Tuesday, December 1, 2009

The Good, Surprising, and Ugly

The Good:
"Sales of domestic light motor vehicles in October rebounded 17.2 percent to 7.8 million units as sales returned to normal-at least for the current recovery. Combined sales of domestics and imports in rose to a 10.5 million annualized unit rate from 9.2 million in September. Now that the monthly swings from cash-for-clunkers have been wrung out from the data, November will stand out as a possibly true measure of the strength of demand for motor vehicles and of the viability of the consumer sector to a large degree."

Sales for the Thanksgiving Holiday were down about 1% from last year as consumers bargain hunted and held out for heavier discounts. Domestic Motor Vehicle sales for November may give an indication of what consumers are spending on if anything. Economists are predicting a consensus range of 7.5 to 8.0 million units sold. Hopefully, this will mark an upturn in domestic consumption overall.

The Surprising:
"Existing home sales got a giant boost in October from the pending expiration of the first round of buyer credits, a gain that raised questions whether sales rates were pulled forward and would dip in subsequent months. But today's pending home sales report points to continued strength ahead. Pending home sales jumped 3.7 percent in October to 114.1, adding to September's even more impressive 6.0 percent gain. Year-on-year pending home sales are up 31.8 percent. The housing sector appears to be moving off the bottom, underscored by the 4.4 percent rise in private residential construction also reported today at 10:00."

The secondary market is picking up a bit. How much of this can be accredited to the potential tax-credit expiration? Additionally, how many of these homes have maintained timely payment schedules without restructuring or default?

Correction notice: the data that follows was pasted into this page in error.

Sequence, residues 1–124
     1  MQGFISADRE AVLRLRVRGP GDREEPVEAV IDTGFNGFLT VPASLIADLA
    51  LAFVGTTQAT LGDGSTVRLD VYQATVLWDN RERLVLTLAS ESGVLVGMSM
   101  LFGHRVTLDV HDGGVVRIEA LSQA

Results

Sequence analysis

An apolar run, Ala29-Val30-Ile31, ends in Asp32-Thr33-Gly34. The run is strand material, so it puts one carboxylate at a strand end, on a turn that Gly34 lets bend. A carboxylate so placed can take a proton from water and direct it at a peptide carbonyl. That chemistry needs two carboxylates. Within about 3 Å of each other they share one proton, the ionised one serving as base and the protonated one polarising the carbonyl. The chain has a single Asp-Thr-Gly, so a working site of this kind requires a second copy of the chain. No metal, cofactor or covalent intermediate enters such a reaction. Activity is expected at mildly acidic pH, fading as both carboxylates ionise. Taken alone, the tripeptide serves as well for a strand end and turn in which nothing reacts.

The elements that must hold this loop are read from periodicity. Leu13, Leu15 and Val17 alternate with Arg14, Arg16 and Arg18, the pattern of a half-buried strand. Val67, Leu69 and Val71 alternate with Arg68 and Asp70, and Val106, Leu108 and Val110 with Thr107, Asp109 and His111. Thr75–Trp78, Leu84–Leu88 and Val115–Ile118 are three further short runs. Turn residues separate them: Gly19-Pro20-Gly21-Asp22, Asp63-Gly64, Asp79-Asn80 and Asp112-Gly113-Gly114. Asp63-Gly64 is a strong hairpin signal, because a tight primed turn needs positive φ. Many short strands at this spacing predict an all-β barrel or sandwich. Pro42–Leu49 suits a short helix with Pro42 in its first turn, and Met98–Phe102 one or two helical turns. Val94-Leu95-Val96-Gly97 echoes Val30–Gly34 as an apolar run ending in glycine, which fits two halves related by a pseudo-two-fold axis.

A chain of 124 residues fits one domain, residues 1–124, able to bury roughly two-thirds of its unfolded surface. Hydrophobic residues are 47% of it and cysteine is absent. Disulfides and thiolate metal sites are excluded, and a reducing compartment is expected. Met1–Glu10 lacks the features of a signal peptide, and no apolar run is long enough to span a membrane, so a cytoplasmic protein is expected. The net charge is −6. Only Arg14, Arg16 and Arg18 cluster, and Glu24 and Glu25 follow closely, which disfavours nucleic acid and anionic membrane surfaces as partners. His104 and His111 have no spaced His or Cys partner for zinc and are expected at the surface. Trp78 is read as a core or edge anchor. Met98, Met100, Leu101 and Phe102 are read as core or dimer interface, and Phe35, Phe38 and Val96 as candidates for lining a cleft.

The Ugly
"The construction sector continues to head in divergent directions with housing improving but being offset with declines in nonresidential and public outlays. Overall construction spending was unchanged in October after dropping a revised 1.6 percent in September. The unchanged figure for October came in higher than the consensus forecast for a 0.4 percent decline. Probably the biggest negative in the report is that September was revised down sharply from the initial estimate of a 0.8 percent boost. For the latest month private residential outlays jumped 4.4 percent after a 2.0 percent decline in September. In contrast, private nonresidential fell 2.5 percent in October while public outlays dipped 0.4 percent in the latest month."

This is disappointing news considering the demand for existing homes. One could infer demand for new homes has not picked up due to plentiful layoffs and lack of employment opportunities. It is hard to start a family with no income. Additionally recent college graduates are still struggling to find jobs. I don't expect this number to pick up anytime soon until the demographic of 22-30 years find stable employment.

Patrick M. Ambrus
Analyze Capital LLC
Managing Partner


  1. Cash for clunkers,

    home sales? Hows the inventory doing?

    Construction down is good if inventory is still high!

  2. "Construction down is good if inventory is still high!"

    I didn't think of it that way. I was looking for more organic growth via pent up consumer demand.

  3. I wonder what the MBA applications will look like next week? I am not very hopeful we will see strong improvement. You never know though. If the Fed keeps interest rates low forever we could own five houses each by the time were 23.

  4. Everything will depend on QE, gots to watch that money supply and the interest rates. The fed definitely is going to raise rates next year. They will have to, but they will probably late in the game as usual. Though all in all fundamentals still don't warrant this. Though I would think an ending of QE would increase the value of the MBS that all the banks are holding. Though if housing is not ready for a raise this could be seen as a negative shock to equilibrium.

    If rates keep on plumetting though, ill start speculating on physical real estate. You can get your mansion in miami and ill get one in maine... lol


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